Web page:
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Prepare for the Heat

Beat the heat and play it cool

Football BC would like to remind all our members to engage in safe heat practices when running camps and clinics during the summer and with temperatures outdoors constantly rising. Here are some tips from the Cleveland Clinic on how to prevent heat illness:

Cleveland Clinic Tips to Prevent Heat Illness

A heat related illness occurs when the body is not able to regulate, or control, its temperature. If left untreated, a heat illness can lead to serious complications, even death. If detected and treated early, however, most serious problems can be avoided.

1. Proper Hydration

  • Pre- and post-exercise hydration
  • Drink water and electrolyte drinks
  • Limit excessive caffeine consumption

2. Be Aware of Supplements

  • Research has shown supplements use can raise blood pressure, speed heart rate and contribute to dehydration.
  • Products containing ephedrine contribute to fatal heart rhythm difficulties, heat related illnesses, stroke, and seizures.
  • Ephedrine raises the body’s heat production and body temperatures and increases the risk of developing heat illnesses.
  • Supplements are not regulated by the Food and Drug Administration (FDA). As a result, nutritional labels may be inconsistent.
  • Creatine may be linked to muscle cramping if working out in the heat of the day.

3. Keep Cool

  • Use ice towels
  • Use cold tubs
  • Wear light-weight, light-colored clothing

4. High Risk Athletes

  • Overweight & unfit athletes have a tendency to overheat.

5. Stay Healthy

  • Eat a well-balanced diet
  • Salt food lightly, if not hypertensive
  • Monitor weight before and after each practice session
  • Monitor urine: Clear or light yellow for color of urine
  • Get plenty of rest

6. Notify Medical Professional if experiencing any signs of dehydration and heat illness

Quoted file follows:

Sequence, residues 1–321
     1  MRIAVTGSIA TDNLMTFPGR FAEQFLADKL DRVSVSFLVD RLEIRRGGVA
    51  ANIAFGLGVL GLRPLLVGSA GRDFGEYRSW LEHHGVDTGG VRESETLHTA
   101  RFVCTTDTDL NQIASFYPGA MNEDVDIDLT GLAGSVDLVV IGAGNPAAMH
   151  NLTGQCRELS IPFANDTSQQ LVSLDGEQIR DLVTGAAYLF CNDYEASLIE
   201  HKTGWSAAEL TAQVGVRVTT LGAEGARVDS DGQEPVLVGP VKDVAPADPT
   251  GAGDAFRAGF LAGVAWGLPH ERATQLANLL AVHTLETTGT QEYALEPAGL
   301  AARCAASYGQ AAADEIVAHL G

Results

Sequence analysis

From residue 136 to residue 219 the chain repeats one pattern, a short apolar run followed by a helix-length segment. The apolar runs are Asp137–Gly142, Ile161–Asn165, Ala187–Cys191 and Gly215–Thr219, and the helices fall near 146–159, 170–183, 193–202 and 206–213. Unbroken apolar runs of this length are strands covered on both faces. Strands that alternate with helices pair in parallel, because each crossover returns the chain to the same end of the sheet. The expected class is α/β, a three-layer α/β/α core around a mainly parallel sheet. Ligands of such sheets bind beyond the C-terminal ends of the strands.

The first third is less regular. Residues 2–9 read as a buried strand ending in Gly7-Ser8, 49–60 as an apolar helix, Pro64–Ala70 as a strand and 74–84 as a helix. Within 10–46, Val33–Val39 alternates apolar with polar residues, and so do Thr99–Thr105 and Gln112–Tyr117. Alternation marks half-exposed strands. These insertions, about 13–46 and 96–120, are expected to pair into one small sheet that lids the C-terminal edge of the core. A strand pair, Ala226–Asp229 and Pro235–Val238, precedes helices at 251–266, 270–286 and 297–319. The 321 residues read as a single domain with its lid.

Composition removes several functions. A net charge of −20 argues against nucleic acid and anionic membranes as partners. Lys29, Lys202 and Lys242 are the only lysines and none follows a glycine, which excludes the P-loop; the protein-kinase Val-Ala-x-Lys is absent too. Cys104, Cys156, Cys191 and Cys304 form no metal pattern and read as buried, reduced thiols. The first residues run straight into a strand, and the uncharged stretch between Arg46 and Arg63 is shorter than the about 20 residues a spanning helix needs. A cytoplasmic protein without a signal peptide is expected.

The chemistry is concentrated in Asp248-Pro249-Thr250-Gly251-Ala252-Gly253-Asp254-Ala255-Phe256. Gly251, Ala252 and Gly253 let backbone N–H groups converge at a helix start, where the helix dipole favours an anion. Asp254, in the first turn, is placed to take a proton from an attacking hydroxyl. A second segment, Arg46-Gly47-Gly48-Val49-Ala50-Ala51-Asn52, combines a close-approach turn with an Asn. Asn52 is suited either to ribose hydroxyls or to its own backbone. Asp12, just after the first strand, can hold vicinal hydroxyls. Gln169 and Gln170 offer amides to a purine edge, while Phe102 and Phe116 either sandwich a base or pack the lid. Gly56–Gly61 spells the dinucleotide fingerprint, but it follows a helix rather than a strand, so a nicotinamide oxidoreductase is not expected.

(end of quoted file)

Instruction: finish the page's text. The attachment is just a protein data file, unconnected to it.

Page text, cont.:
For more information on heat related illnesses, click here.

Sports Nutrition: Basics and Tips from

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Two hours before exercise, athletes should consume 16 ounces of water or a sports drink.

Thirty minutes before exercise, athletes should intake another eight ounces to prepare themselves for activity.

During activity, athletes are sweating out important fluids, they must replenish them by drinking eight ounces every 20 minutes.

Long-term activity of 30 minutes or more requires periodic rehydration, such as the eight ounces every 20 minutes just suggested.

If an activity lasts more than 40 minutes, water is not sufficient to rehydrate the body. The nutrient loss through sweat requires a sports drink to replenish electrolytes.

After activity, athletes should continue to intake fluids.

Post Workout Sports Drink: Chocolate Milk

Downing chocolate milk after a tough workout can help replenish exhausted muscles and significantly aid exercise recovery, new research shows.

Compared to plain milk, water, or most sports drinks, Chocolate Milk has double the carbohydrate and protein content, perfect for replenishing tired muscles. Its high water content replaces fluids lost as sweat, preventing dehydration. Plus it packs a nutritional bonus of calcium, and includes just a little sodium and sugar.

Post-Workout Drinks

When it’s time to choose a liquid chug after a long, tough workout, there’s a slew of options out there. Water? Gatorade, POWERade, or All Sport? Endurox R4? Physiologist Joel Stager, director of the Human Performance laboratory at Indiana University, has even one more potential workout recovery drink to add to the list: chocolate milk. His latest study, published in this month’s International Journal of Sport Nutrition and Exercise Metabolism, names this kids’ favorite an optimal post-exercise recovery aid.